Economy starts to pick up after trade contraction in May–NEDA


The country’s external trade performance continued to take a beating as data from the Philippine Statistics Authority (PSA) showed exports and imports growth continued to contract in May 2020.

Based on the preliminary data released by the PSA on Friday, exports contracted 35.6 percent while imports declined 40.6 percent in May 2020.

Total trade, meanwhile, contracted 38.7 percent and the country’s trade deficit contracted 48.9 percent in May 2020.

“The slower decline in trade performance is a welcome indication that economic activity has started to pick up with the relaxation of quarantine measures in certain areas, the gradual reopening of business, and the restarting of production in both the country and its trading partners,” Acting Socioeconomic Planning Secretary Karl Kendrick T. Chua said in an #AskNeda briefing on Friday.

Data showed that the contraction in exports was not as deep as the 49.9 percent posted in April 2020. However, this remained lower than the 1.8-percent growth it posted in May 2019.

PSA data showed export earnings decreased to $3.99 billion from the $6.20 billion total export generated in May 2019. The year-on-year contraction in May 2020 was the third month that total exports was consecutively declined this year.

In the previous month, export value fell at an annual rate of 49.9 percent while in May 2019, it gained at a rate of 1.8 percent.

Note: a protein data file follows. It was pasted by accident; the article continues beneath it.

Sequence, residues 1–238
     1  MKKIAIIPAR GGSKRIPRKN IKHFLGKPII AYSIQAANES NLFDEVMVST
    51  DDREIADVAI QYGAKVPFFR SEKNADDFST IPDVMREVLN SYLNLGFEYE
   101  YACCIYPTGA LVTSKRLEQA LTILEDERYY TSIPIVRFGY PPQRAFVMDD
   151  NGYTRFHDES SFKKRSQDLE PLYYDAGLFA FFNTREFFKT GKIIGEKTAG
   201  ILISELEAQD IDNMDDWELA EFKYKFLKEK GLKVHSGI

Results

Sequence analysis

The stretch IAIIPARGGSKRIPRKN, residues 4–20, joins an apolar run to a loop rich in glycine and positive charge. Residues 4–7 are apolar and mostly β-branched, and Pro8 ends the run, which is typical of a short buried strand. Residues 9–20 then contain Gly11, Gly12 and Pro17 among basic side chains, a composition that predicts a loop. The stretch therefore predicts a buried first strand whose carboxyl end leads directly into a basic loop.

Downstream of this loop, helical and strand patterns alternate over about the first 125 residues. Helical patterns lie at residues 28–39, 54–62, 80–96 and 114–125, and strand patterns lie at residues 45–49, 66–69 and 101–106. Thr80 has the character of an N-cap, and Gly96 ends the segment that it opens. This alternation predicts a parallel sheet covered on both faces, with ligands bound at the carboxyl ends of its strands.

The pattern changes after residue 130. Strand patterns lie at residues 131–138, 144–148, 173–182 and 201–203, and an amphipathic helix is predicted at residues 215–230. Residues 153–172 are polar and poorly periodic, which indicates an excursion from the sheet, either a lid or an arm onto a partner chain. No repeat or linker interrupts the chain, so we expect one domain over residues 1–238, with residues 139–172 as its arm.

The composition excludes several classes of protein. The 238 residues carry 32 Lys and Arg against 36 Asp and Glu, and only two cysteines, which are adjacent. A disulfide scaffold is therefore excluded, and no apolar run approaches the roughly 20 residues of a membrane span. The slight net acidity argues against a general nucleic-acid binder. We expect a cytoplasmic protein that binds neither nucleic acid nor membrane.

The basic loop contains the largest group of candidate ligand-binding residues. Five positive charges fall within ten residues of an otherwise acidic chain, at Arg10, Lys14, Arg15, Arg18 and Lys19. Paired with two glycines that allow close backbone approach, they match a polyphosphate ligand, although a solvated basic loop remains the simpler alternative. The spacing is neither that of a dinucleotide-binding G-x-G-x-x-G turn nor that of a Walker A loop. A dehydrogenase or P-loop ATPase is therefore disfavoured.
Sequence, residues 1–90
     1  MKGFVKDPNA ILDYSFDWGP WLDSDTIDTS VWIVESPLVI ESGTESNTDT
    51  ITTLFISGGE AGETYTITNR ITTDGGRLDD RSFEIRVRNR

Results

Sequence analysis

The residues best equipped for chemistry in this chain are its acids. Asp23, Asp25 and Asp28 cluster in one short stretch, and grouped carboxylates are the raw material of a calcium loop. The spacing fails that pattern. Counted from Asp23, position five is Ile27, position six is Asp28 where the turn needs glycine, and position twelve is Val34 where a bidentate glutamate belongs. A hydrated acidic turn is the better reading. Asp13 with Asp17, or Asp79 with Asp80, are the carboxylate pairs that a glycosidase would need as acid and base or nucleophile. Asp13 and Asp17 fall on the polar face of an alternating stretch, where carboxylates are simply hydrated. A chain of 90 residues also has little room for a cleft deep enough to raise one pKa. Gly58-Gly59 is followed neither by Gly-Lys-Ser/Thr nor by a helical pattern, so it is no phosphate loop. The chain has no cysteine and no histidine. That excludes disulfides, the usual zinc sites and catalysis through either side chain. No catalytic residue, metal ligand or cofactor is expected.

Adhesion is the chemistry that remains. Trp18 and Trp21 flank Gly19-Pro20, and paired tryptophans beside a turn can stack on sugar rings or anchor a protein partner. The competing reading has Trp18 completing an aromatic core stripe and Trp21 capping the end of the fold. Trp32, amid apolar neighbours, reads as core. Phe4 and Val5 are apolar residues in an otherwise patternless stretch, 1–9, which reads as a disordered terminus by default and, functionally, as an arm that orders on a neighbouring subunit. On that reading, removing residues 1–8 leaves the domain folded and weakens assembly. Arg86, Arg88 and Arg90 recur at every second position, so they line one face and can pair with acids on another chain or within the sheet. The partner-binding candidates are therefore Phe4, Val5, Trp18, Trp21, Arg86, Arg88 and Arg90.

Chua said, however, that the country’s export performance will continue to improve as manufactured goods, which account for 80 percent of total exports, is expected to recover.

He said the latest results of the Purchasing Managers’ Index (PMI) for the Philippines rose from 40.1 in May to 49.7 in June.

“The Semiconductors and Electronics Industries in the Philippines Inc. [SEIPI] also indicated a gradual pick-up in semiconductor exports in the coming months and projected a flat growth in 2020, notwithstanding the on-going lockdown in Cebu where some of the electronics firms are located,” Chua said.

In terms of imports, PSA data showed the country’s import bill declined to $5.85 billion in May 2020 and $9.85 billion in May 2019.

PSA said the contraction in May was the second-highest annual drop since decreases were observed beginning May 2019.

In the previous month, the decline was higher at 65.3 percent while in May 2019, imports decreased by 1.2 percent annually.

“Although still negative compared to last year, this represents slight improvements compared to last month,” Chua said.

The PSA noted that the import value for personal protective equipment (PPE), and medical supplies in May 2020 amounted to $32 million, indicating an annual increase of 64.9 percent.

Slower annual growths of imported values for these medical items were lower in the previous month at 54.1 percent and in May 2019 at 39.1 percent.

Trade partners

PSA data showed the country’s top export markets was led by Japan which accounted for 18.3 percent of the total, or $731.89 million. However, this represented a 15.6-percent contraction from $867.05 million in May 2019.

Other top export destinations were Hong Kong with export value of $658.76 million, or 16.5 of the total; People’s Republic of China, $599.14 million, or 15; US, $484.25 million, or 12.1 percent; and Singapore, $295.55 million, or 7.4 percent.

In terms of import sources, China was the country’s biggest supplier of imported goods in May 2020 with a 21.5-percent share of total import receipts.

Import value from this country amounted to $1.26 billion during the month, a 42.99-percent decline from $2.21 billion in May 2019.

The other major import trading partners were Republic of Korea with an import value of $662.85 million or 11.3 percent of the total; US, $540.98 million or 9.2 percent; Japan, $481.48 million or 8.2 percent; and Singapore, $350.02 million or 6 percent.

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